I empathize with the frustrations of people who start to get better control of their own world but have to deal with a lot of organizational Neanderthals who would rather victimize everyone else with their random and scattered focus. Bosses undermine productivity by interrupting staff simply because they don't like to type emails and lack their own trusted personal systems. And we could all give much better customer service if it weren't for the customers. But the more insane or inane your environment, the more critical it is that you manage what you CAN manage, so you deal with incoming content from the driver's seat, not the back seat. Don't let mosquitoes ruin your safari.
True stability results when presumed order and presumed disorder are balanced. A truly stable system expects the unexpected, is prepared to be disrupted, waits to be transformed. —Tom Robbins
When you can do the common things in life in an uncommon way, you will command the attention of the world. —George Washington Carver
Q&A WITH DAVID
Question: How should I choose which system to use (digital vs. paper)?
David's answer: Pay attention to your intuition, or just simply: What do you feel like using as a system? We've discovered people tend to resist the GTD implementation process enough as it is, so you need all the help you can get to be motivated to work the system. If you know you'd like to be digital, don't waste time on a paper system. But if you like the look and touch and feel of a cool notebook, go for it. No system works unless you work it.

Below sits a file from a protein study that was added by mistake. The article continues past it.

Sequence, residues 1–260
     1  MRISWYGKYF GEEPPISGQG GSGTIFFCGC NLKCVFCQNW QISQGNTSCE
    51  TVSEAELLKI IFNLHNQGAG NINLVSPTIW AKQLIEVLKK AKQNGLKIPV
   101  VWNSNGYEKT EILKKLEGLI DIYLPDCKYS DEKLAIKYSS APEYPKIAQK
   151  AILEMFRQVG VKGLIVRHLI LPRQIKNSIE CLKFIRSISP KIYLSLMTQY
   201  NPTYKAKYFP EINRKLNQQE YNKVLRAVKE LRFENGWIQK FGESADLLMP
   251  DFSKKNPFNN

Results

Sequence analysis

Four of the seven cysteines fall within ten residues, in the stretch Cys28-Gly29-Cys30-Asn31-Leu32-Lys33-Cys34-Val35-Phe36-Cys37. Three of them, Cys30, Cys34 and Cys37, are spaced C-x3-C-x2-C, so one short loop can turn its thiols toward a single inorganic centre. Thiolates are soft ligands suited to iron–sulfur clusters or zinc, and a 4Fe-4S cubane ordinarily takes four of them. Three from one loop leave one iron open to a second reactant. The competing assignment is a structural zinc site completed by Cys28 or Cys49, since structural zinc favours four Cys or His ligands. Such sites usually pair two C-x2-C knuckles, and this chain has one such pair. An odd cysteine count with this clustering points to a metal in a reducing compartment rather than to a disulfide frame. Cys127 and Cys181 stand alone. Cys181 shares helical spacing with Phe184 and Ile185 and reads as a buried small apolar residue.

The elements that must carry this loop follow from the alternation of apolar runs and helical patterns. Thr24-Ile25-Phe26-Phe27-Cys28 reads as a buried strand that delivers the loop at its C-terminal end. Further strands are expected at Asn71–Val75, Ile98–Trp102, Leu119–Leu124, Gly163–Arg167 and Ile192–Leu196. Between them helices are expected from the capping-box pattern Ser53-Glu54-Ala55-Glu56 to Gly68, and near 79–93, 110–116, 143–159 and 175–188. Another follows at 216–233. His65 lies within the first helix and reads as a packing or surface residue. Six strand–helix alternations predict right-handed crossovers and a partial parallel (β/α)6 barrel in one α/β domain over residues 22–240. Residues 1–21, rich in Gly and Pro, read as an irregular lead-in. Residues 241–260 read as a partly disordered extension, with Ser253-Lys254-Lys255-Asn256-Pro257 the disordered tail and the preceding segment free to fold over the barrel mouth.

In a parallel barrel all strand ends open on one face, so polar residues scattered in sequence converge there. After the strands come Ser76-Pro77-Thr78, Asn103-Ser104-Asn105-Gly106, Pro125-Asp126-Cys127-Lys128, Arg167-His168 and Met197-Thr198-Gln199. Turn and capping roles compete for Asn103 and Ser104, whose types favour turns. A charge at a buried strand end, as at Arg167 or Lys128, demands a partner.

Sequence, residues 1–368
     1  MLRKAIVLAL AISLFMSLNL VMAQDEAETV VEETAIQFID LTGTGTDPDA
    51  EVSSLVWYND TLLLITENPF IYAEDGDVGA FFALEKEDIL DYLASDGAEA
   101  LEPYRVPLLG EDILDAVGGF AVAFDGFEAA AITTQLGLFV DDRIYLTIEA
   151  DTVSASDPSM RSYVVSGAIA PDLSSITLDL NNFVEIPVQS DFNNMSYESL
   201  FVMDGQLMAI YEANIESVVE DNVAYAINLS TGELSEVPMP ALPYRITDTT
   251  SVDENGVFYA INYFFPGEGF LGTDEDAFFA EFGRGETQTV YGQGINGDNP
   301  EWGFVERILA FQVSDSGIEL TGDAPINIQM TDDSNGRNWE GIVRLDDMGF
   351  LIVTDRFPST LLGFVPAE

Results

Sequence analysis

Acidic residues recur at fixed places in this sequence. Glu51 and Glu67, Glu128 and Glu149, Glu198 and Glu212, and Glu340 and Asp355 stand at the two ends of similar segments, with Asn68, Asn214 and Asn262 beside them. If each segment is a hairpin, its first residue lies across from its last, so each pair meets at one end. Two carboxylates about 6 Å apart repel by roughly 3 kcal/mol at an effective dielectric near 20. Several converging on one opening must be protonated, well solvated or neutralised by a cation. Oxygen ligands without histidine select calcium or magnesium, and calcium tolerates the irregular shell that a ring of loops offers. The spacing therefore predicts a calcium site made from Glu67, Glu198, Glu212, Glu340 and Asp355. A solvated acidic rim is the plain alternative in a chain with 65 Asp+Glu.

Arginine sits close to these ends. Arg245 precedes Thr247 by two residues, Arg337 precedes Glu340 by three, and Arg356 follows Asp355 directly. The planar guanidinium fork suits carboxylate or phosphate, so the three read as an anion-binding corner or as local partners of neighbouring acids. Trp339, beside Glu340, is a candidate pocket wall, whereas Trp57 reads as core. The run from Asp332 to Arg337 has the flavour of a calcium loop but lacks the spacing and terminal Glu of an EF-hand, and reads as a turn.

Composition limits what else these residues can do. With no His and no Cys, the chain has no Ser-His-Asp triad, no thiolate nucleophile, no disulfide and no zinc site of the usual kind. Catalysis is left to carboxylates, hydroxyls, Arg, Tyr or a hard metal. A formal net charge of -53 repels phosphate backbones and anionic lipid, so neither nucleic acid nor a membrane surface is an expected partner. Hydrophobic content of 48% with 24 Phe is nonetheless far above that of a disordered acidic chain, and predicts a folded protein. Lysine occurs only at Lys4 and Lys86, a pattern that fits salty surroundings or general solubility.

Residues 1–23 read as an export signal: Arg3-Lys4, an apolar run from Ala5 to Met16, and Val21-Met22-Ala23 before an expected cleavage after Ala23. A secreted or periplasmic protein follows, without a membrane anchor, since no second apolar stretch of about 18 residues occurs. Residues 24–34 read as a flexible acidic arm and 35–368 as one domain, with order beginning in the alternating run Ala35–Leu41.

This GTD course was awesome. The material was simple, straightforward, and easy to use. The content is so relevant to anyone and I found it extremely beneficial to have my two managers in the room with me because it gave us a chance to rethink how we approach things in the department, but more importantly, with every internal audit "project" we perform. After all, the nature of our work is project-based. We also talked about how we can take back what we learned to the other six members of the team. But I think equally important as the content is the delivery. You were engaging and interactive without being so in a pushy way. You had clear presence in the front of the room. Your passion for what you do showed in not only how you presented the materials and responded to questions but also in your demonstrations of how you apply these in your own life.
I felt like I was being "taught" a new way of thinking and the benefits of doing so vs. being lectured on the need to have a new way of thinking. If I saw your name on a presenters list, I would sign up and encourage those around me to do so.
Thank you for your time and I wish you the best of luck as you continue on with your 30,000–50,000 view projects!
Tanya S. Denyes